If it's free. You're the product.

How I Protect My Privacy

If it's free. You're the product.

Privacy is about going to the restroom and closing the door behind you. It’s not other peoples business.

When I talk with family and friends about privacy, the first response is usually “I have nothing to hide” or variations of the same sentence. The best response to that so far I heard from Aral Balkan many years ago: “Privacy is about going to the restroom and closing the door behind you. It’s not other peoples business”. It’s also why people have a fence around their garden or turn computer screens away from doors and windows. I remember talking with people about privacy and that privacy is becoming a privilege; society especially in America is so conditioned to giving up all their private and personal data, they don’t care anymore. Look at the millions of teens sharing their life on Instagram (Facebook Inc.), WhatsApp (Facebook Inc.), Facebook (Facebook Inc.), SnapChat (Snap Inc.) or other platforms from American corporations. It’s not about having things to hide; it is about the fundamental right of owning private and personal data and deciding for yourself with whom you want to share this data. I’m sure you didn’t intent your last 500 Google searches to be sold together with your name, social security number, credit status, address and phone number to the highest bidder because that is what Google is all about. I am personally very happy Facebook and Google screwed up so bad recently. Because people are becoming aware of the amount of data those companies harvest on everyone and the power the information holds (i.e., manipulating votes). If you need a reminder, here’s a list of the most recent fuck-ups with your data:

Measures I Take

Neither Google, Facebook nor any of the Advertisers respect the “Do Not Track” setting we have in our browsers, so here are the measures I take to prevent Big American companies spying on me and my life. Not that I have anything to hide, but what I do is none of their business. And, if you run a startup or business, you might want to turn off your Google Suite/Google Apps account, as Google (and therefore the NSA) is leaking patents and economic information to American companies for competitive advantage (PRISM):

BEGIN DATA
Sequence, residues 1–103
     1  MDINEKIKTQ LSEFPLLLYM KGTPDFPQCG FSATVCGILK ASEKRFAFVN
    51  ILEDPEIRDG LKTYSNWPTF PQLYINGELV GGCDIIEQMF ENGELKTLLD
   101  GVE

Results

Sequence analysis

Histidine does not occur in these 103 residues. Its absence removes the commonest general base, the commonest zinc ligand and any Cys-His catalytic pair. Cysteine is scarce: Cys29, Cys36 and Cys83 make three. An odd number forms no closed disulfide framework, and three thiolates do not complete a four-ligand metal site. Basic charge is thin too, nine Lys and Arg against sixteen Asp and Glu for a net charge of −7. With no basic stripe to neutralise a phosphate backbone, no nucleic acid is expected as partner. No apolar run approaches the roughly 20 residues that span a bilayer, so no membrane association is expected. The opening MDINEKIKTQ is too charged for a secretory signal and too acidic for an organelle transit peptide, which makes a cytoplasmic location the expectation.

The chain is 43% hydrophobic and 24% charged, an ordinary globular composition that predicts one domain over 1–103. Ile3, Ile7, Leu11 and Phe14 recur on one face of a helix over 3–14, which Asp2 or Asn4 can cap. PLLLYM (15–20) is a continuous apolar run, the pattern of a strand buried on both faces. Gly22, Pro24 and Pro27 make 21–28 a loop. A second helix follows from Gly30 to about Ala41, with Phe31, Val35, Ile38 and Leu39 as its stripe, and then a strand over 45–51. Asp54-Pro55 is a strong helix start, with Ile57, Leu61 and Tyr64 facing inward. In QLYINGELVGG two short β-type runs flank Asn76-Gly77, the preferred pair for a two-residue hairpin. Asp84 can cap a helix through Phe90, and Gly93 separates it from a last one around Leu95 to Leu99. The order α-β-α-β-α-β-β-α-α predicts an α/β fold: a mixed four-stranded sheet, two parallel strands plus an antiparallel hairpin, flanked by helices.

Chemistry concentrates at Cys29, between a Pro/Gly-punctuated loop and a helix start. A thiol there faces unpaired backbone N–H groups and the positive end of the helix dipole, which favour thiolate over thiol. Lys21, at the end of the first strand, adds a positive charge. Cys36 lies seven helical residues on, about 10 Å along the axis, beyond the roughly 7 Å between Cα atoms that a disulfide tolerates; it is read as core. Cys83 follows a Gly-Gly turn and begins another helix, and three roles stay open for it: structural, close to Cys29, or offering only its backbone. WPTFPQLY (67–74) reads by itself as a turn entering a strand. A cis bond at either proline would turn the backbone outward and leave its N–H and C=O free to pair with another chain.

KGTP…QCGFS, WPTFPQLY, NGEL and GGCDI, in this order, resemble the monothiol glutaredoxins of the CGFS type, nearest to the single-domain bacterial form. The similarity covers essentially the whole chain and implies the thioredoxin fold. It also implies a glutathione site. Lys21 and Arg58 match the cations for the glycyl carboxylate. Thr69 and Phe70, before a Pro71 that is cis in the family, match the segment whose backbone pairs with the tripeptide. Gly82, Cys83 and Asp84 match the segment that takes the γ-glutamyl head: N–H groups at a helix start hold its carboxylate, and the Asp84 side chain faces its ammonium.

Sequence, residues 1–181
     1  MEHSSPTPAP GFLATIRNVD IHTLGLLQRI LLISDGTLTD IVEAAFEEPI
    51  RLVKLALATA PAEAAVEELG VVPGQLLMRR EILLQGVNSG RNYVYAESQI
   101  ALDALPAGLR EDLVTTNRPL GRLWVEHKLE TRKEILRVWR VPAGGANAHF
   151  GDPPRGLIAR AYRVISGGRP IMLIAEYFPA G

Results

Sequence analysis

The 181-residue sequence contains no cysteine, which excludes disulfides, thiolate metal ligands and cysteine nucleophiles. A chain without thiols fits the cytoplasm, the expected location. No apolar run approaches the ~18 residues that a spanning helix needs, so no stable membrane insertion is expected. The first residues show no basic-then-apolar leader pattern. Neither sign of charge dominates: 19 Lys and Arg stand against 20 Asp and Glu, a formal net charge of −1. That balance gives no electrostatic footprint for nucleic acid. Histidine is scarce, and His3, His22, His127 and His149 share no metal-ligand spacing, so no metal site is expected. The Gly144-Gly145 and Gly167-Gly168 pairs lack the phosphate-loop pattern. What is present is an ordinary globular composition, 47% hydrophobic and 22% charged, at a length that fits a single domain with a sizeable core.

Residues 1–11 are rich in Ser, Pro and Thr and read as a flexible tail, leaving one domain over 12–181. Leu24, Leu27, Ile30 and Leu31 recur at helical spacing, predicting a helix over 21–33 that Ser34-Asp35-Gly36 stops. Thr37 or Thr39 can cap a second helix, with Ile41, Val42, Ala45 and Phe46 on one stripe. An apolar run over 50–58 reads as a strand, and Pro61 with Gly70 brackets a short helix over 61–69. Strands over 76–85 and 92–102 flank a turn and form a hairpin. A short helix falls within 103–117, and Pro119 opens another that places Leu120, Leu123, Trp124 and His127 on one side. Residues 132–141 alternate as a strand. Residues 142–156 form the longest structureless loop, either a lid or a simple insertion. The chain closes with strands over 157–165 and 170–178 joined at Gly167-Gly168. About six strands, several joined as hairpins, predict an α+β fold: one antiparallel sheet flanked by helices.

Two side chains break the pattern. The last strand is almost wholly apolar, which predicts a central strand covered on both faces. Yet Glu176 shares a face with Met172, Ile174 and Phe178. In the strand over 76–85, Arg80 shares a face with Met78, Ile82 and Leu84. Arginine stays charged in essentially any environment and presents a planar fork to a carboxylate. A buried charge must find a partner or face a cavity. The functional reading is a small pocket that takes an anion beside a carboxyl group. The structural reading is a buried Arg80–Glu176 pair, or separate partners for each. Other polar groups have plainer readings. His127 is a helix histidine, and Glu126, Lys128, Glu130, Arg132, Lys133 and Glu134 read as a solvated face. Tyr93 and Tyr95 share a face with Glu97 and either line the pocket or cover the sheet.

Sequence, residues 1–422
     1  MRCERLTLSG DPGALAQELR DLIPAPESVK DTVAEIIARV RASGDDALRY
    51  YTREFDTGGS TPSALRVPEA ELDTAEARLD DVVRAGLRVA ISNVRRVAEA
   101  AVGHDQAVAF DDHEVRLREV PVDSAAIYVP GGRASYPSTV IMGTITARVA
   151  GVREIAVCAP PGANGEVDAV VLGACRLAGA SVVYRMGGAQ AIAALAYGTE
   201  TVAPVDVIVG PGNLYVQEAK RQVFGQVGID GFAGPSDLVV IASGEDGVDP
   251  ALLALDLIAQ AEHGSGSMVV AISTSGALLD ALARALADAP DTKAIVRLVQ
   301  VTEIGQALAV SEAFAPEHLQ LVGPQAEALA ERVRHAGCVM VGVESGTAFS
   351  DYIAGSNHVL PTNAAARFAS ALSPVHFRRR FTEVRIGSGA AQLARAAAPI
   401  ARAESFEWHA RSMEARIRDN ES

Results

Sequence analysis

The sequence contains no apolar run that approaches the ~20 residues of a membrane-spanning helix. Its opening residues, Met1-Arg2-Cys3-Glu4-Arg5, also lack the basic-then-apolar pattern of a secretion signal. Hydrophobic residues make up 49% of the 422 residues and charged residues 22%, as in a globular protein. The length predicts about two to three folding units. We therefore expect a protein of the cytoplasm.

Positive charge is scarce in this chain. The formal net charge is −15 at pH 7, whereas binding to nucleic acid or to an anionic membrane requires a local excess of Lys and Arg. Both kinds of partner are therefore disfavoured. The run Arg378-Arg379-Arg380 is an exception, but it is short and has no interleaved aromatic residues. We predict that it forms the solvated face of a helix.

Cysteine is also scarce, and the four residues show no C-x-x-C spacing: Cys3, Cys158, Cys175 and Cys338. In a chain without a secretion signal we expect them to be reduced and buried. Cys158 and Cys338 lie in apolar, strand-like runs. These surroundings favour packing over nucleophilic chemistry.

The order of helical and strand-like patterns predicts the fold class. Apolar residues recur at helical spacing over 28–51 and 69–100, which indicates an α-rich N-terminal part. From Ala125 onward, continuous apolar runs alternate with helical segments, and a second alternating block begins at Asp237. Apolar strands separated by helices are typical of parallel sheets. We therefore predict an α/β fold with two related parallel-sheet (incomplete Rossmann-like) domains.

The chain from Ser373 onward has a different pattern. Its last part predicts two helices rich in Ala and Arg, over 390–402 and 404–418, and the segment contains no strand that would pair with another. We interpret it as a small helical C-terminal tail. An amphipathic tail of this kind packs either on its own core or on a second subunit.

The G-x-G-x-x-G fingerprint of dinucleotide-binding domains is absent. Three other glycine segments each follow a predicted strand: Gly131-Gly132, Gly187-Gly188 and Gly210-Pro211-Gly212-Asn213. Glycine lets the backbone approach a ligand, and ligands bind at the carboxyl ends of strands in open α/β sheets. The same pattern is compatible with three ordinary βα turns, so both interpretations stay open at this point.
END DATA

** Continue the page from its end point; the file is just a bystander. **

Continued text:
Alternative Online Services

I live a life without Google, here’s how:

  • E-Mail, Calendar: Fastmail by FastMail. What I pay for: images are not loaded by default (think of all those tracking pixels), IMAP/SMTP and everything else for my email needs.
  • Search: DuckDuckGo by DuckDuckGo. Took a while, but they’re great now. Excellent results, no tracking, privacy first. Ads are marked “Ad.”
  • Documents: Apple Pages & Numbers
  • File Sharing: Resilio Sync, peer-to-peer sharing, no central servers. Documents belong only to you and the people you share them with.
  • 2FA/MFA (multi-factor-authentication): Authy by Authy
  • Browser: Safari or FireFox. Pro-tip: Get Better Blocker
  • Chat / IM: Wire.com messenger by Wire
  • Registration/Login: Always email and password. Never the same password. NEVER EVER Google or Facebook login. And of course 1Password


{{< figure src="images/1*YJPQl40xo_koTwnFj5y2wQ.jpeg" >}}

This one is a bit technical, but it offers the most significant impact on your online privacy. Unfortunately, it only works on Computers or rooted Android phones; one can not modify the host file on iOS or Android. The situation: Every time you visit a website with a Facebook “Like” button, a request is sent to ads.facebook.com (or similar) that you are visiting this website. It would be great if this request never reaches Facebook, because it's none of their business, right? That is where the host file comes in. An entry like


Will prevent the request of ever going out into the internet, as is the address of your computer. It’s a simplified explanation, if you want to know more about this, NordVPN wrote a proper article about How To Block Ads and Malware with Your Host File.

ads.facebook.com is just one example. There are over 55.000 domains for tracking and malware! You can head over to Steven Black's GitHub and download a host file of your choosing. See the NordVPN article above on how to install these files and never be bothered by Ads or Malware again.

Blocking everything else: LittleSnitch

For the fine tuning on blocking requests, I use Little Snitch. For example, in all installed applications and my daily browser Safari, I block all requests to Google domains, to prevent them spying on me. But some times I need to look something up on Google or use a website which loads JavaScript assets from Google services (looking at you, StackOverflow). For these, I use Firefox, which is the only App allowed to connect to Google. The whole setup takes 1–2 minutes in Little Snitch.


Using alternative online services helps a bit to keep trackers in check, but on Mobile, there are still a lot of issues to address. Most Apps use behaviour tracking, usage tracking and of course social tracking for their “market research.” If you know a way how to prevent this, please let me know!